Advantages and Disadvantages of Reconfigurable Computing


Reconfigurable computing has several advantages and drawbacks. They are listed below.

Advantages


  • Greater Functionality

It is possible to achieve greater functionality with a simpler hardware design. The required logic can be stored in memory and hence the cost of supporting additional features is reduced to the cost of the memory required to store the logic design. This is very much useful in mobile communication domain where protocol can be easily modified to newer protocol and stored in memory and then hardware can be reconfigured to achieve the required functionality. Compelling advantage includes increased speed, reduced energy and power consumption. A study reports that depending on the particular device used moving critical software loops to reconfigurable hardware results in average energy savings of 35% to 70% with an average speedup of 3 to 7 times. [4]


  • Embedded Characteristics

In general-purpose computing processors common piece of silicon could be configured, after fabrication, to solve any computing task. This meant many applications could share commodity economics for the production of a single IC and the same IC could be used to solve different problems at different points in time. General-purpose computing meant engineers could program the component to do things which the original IC manufacturers never conceived. Embedded systems developers are much benefited from reconfigurable computing systems, especially with the introduction of soft cores which can contain one or more instruction processors. [4]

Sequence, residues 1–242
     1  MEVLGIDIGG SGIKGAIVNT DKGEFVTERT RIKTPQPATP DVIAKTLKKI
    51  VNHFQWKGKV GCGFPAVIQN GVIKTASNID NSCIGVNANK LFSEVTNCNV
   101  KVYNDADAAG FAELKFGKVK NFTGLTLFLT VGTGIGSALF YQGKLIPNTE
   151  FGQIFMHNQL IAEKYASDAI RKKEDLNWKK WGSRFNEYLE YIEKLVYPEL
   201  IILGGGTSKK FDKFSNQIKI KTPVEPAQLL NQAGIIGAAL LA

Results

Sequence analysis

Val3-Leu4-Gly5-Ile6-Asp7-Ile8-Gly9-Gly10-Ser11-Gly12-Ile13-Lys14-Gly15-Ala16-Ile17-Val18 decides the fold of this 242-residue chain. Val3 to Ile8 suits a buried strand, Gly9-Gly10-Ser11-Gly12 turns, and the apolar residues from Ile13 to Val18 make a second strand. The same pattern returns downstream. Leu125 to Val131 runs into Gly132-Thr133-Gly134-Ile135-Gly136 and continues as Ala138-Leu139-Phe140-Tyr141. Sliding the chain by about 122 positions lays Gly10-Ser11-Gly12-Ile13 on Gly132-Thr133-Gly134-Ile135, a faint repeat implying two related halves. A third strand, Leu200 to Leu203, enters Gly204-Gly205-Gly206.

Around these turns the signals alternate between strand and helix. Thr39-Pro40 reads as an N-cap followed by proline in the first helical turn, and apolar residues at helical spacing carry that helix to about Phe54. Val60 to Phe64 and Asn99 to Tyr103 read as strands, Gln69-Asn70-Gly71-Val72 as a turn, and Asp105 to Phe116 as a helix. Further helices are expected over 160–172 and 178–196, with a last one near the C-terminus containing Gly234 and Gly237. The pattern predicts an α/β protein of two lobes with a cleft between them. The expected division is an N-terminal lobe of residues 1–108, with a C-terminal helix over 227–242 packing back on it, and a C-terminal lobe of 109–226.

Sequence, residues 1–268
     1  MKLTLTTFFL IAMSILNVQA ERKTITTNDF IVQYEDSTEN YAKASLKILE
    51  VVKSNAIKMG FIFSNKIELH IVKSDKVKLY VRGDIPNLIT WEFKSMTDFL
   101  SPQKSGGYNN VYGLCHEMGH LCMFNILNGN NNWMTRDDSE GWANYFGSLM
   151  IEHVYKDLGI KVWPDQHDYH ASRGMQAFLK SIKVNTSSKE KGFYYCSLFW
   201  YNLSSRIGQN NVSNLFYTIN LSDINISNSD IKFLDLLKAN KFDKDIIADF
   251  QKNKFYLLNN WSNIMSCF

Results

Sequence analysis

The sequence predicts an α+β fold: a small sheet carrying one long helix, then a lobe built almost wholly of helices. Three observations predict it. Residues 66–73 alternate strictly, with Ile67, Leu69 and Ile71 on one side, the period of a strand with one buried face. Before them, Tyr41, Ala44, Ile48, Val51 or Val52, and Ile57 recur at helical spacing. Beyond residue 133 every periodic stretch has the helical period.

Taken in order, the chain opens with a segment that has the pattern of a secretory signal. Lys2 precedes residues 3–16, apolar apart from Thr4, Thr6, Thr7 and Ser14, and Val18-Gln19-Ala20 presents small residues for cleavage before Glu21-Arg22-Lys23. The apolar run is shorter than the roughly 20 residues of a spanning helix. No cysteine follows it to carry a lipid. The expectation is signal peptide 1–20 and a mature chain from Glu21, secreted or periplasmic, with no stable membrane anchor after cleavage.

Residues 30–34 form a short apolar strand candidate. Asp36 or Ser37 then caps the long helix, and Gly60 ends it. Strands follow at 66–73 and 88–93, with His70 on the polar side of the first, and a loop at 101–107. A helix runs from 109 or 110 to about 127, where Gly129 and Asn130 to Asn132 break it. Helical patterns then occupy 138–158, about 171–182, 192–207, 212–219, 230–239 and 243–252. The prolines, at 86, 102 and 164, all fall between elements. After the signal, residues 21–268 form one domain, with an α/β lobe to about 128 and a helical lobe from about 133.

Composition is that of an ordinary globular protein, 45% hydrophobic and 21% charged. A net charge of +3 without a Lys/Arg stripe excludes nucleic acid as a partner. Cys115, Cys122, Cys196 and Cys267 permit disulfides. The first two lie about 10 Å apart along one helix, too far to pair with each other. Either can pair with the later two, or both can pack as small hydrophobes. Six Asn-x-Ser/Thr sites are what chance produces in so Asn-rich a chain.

All of these "general-purpose" characteristics are shared by reconfigurable computing. Instead of computing a function by sequencing through a set of operations in time (like a processor), reconfigurable computers compute a function by configuring functional units and wiring them up in space. This allows parallel computation of specific, configured operations, like a custom ASIC. Also it can also be reconfigured. The reconfigurable hardware fabric can be easily and quickly modified from a remote location to upgrade its performance. It can be modified to perform a completely different function. Hence, non-recurring engineering (NRE) costs of reconfigurable computing are lower than that of a custom ASIC.


  • Lower System Cost

By eliminating the ASIC design lower system cost on a low-volume product is achieved. For higher-volume products, the production cost of fixed hardware is actually very much lower. In the case of ASIC and general purpose hardware designs technical obsolescence drives up the cost of systems. Reconfigurable computing systems are upgradeable and extend the useful life of the system. This reduces lifetime costs.


  • Reduced Time to Market

Reduced time-to-market is the final advantage of reconfigurable computing. Since ASIC is no longer used in reconfigurable computing large amount of development effort is reduced. The logic design remains flexible even after the product is shipped. Design can be sent to market with minimum requirements and later additional features can be added without any change in physical device (or system). Thus reconfigurable computing allows incremental design flow.

These advantages lead reconfigurable computers to serve as powerful tools for many applications. The applications include research and development tools for sophisticated electronic systems such as ASICs and printed circuit boards (PCBs). Simulation tools for these systems do not exist. Also prototype fabrication is expensive and time consuming. A reconfigurable computer can serve as an affordable, fast, and accurate tool for verifying electronic designs


Disadvantages